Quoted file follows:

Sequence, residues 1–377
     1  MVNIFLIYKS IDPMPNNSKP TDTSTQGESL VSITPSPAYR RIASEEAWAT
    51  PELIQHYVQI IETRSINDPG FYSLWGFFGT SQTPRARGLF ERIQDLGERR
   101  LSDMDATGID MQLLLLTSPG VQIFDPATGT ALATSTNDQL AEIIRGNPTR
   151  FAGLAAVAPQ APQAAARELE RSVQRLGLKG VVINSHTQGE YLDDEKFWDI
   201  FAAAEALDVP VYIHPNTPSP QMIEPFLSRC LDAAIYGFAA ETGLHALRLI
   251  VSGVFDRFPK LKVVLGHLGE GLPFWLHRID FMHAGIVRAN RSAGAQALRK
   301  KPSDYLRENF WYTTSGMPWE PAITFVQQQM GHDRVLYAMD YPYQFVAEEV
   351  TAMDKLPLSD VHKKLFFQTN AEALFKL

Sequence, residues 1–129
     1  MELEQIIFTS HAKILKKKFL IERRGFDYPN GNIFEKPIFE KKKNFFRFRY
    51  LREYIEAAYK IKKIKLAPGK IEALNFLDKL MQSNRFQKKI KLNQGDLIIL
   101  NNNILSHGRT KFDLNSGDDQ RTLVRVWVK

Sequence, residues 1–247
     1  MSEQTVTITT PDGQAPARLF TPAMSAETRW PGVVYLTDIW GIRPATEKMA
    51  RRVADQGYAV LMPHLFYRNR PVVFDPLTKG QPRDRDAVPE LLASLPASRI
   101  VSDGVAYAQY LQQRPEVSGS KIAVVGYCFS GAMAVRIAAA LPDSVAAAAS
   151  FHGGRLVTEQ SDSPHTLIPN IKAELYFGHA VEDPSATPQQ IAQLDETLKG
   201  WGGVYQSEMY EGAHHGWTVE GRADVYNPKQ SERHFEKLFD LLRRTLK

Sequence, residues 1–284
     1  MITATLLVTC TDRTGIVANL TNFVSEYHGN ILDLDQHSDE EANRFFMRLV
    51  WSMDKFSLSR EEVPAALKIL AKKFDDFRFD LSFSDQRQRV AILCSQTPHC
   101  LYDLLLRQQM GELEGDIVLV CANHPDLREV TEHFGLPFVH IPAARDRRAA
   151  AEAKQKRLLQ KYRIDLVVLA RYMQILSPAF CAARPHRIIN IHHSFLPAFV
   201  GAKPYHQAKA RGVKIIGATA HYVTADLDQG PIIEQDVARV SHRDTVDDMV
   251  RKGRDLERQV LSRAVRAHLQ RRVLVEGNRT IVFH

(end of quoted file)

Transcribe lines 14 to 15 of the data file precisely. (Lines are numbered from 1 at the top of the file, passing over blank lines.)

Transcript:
Sequence, residues 1–247
     1  MSEQTVTITT PDGQAPARLF TPAMSAETRW PGVVYLTDIW GIRPATEKMA